The most damning aspect of the entire story isn’t, funnily enough, the actual crime that has been much documented in the media ever since its exposure. Yes, it was a horrendous and highly illogical crime, but the film is very quick to point out the elitist system that allowed it to thrive in the first place; according to many interviewees, colleges like Harvard or Cornell carry a certain prestigious factor to them, and many people – especially those from privileged backgrounds – want to apply for them just to elevate their status, and these institutions make no secret about how they heavily favour academics who come from wealth over middle-or-lower class undergraduates, even if they are proven to be harder-working than the higher class. Operation Varsity Blues – named after the codename for the FBI’s investigation into the scandal – casts a harrowing spotlight onto the dismal nature of college admissions procedures in general, showing how it affects the mental health and wellbeing of underprivileged students who are denied a chance to attend some of these colleges because someone wealthier and in more power than them was able to buy themselves a place in their stead. While Singer’s crass exploitation of the system was nothing more than a calculated, deeply cynical scam, one cannot deny the accountability of the unfair system in and of itself, which this movie is just as critical of as the actual criminals in this story.

Filmmaker Chris Smith – who previously made waves on the streamer with his documentary Fyre: The Greatest Party That Never Happened, which covered the disastrous attempt to host the luxury music festival – refuses to toe the line when it comes to conventional documentary formats, splicing both real-life footage and the re-enactments together near-seamlessly to craft a compelling crime thriller, which makes both the presentation and the material feel a lot more unique than a more standard template. There is a real sense of theatricality throughout this entire story, as you continue to see how intricate and dirty this conspiracy becomes as it keeps going on and on without consequence, until the other shoe eventually drops. It’s paced and shot like a David Fincher film, or even a post-Wolf of Wall Street portrayal of greed and wealth that’s far less glamorising about the lifestyles of the rich and famous than Scorsese’s movie, and even as it keeps throwing all this valuable information at you from all cylinders, you’re still able to absorb it all thanks to Smith’s steady and sophisticated filmmaking.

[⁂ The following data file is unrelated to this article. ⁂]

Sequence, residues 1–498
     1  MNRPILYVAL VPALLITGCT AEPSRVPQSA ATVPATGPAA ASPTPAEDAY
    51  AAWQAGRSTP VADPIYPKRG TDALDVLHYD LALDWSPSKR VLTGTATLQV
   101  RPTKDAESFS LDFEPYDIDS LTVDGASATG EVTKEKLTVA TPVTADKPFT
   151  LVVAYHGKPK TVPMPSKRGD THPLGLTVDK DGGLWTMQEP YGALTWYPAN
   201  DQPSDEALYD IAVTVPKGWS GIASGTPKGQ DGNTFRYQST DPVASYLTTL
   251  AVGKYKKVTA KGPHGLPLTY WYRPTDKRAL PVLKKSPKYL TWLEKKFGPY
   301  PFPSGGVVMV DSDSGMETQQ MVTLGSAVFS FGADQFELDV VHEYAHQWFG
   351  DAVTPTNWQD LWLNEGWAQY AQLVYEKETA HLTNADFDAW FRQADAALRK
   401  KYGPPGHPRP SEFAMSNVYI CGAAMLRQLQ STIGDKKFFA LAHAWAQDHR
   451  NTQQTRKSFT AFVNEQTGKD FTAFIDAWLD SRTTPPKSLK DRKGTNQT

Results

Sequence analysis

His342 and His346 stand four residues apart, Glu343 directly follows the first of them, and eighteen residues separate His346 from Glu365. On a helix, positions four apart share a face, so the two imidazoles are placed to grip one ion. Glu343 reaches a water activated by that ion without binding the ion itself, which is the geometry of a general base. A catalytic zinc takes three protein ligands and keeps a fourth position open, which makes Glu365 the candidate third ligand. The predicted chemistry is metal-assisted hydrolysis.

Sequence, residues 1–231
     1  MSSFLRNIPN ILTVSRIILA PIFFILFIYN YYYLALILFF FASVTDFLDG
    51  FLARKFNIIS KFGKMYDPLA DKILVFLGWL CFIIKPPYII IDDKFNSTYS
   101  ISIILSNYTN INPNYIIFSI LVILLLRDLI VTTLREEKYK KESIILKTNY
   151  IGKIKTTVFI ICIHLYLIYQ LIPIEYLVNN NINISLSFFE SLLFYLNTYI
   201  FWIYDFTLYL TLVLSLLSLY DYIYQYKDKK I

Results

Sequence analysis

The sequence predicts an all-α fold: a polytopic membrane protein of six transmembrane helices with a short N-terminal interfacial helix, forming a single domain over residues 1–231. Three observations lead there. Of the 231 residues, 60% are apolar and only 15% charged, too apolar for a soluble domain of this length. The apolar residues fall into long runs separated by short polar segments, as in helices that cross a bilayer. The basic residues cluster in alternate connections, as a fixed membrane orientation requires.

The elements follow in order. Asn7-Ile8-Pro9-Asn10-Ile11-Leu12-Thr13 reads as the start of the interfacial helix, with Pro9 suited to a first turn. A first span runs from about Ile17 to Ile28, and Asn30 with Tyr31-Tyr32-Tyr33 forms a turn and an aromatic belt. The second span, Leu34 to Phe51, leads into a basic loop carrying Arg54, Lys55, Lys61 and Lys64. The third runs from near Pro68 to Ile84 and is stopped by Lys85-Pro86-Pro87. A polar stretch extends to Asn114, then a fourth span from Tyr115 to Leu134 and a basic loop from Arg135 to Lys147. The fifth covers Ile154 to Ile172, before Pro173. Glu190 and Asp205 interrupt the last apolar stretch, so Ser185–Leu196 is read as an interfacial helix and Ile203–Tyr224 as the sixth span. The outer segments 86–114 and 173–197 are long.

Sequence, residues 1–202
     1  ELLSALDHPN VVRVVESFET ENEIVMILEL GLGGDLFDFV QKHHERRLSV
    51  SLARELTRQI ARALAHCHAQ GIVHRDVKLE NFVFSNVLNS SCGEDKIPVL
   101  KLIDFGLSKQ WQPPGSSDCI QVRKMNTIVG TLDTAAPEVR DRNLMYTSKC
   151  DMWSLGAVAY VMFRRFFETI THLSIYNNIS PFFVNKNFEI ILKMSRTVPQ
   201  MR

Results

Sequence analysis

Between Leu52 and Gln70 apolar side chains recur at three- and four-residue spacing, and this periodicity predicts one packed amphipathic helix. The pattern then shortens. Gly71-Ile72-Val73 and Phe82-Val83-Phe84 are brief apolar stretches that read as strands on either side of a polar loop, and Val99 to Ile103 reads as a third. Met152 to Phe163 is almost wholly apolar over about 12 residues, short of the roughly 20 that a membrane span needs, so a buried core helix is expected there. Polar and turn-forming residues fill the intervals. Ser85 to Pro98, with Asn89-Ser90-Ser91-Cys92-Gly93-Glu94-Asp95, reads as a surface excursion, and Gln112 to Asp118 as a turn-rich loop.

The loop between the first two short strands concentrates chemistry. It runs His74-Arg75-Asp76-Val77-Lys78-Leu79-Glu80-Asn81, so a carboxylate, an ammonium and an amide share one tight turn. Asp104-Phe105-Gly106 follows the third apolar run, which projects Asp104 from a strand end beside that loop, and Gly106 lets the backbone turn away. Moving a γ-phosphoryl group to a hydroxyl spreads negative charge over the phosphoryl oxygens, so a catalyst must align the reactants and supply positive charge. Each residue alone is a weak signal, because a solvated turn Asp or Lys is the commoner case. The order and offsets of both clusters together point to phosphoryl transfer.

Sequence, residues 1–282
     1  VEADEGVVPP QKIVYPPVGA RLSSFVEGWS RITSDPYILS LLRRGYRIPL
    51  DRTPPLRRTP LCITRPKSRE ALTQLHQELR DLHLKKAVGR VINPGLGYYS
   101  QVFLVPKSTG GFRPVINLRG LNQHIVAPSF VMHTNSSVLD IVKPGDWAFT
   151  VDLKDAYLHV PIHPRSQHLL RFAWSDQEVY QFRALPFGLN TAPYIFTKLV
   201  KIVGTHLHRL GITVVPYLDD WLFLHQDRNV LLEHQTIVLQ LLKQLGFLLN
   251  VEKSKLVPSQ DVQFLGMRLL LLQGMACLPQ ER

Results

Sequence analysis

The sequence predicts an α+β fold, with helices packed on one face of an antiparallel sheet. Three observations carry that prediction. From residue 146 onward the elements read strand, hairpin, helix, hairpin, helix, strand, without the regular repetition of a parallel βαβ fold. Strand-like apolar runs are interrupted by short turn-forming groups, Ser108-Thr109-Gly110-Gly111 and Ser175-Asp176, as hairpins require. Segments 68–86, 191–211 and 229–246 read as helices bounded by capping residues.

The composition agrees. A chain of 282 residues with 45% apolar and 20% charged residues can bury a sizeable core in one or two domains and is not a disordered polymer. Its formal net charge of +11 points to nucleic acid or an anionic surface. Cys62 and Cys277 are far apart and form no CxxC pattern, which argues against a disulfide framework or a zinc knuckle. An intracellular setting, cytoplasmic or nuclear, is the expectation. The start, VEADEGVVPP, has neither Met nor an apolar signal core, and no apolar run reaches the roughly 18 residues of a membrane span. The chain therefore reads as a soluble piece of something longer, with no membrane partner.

It’s an invigorating and highly fascinating documentary that presents the whole scandal in plain sight and does not hold back on its criticisms of both the people directly involved in the scandal, and also the rigged system that it readily exposed. Singer’s methods of using a “side door” to use thinly-disguised bribes as a means to secure college positions are no match for the more accepted and yet even more problematic “back door” methods which guarantees a student a place if their parents make a sizeable enough donation instead of getting in on their own academic achievements (i.e. the “front door”). Yet again, money is the root of the problem here, and it’s actively denying those from less-fortunate backgrounds to miss out on further education and thus greater chances at life – that, Operation Varsity Blues argues, is the true scandal.


Operation Varsity Blues: The College Admissions Scandal is an invigorating and damning documentary which near-seamlessly stitches together some intriguing documentary footage with carefully-shot re-enactments to both portray the embarrassing titular scandal that rocked the world, and further expose the elitist and unfair systems in place that let such criminal activity thrive in the first place.

Operation Varsity Blues: The College Admissions Scandal is now available on Netflix.